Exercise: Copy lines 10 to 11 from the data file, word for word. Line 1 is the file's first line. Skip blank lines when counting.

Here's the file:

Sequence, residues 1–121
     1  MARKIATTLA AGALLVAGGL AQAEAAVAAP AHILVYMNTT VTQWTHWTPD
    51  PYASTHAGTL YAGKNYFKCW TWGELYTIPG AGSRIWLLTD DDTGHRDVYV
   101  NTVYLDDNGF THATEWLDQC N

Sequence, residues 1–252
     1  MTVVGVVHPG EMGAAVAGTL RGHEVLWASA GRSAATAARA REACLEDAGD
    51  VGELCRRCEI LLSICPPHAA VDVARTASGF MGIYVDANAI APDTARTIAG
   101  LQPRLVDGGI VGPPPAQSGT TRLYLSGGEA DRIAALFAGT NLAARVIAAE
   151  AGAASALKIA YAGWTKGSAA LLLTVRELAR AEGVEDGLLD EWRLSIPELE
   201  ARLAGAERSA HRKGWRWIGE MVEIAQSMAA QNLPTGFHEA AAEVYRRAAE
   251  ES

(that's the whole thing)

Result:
   201  ARLAGAERSA HRKGWRWIGE MVEIAQSMAA QNLPTGFHEA AAEVYRRAAE
   251  ES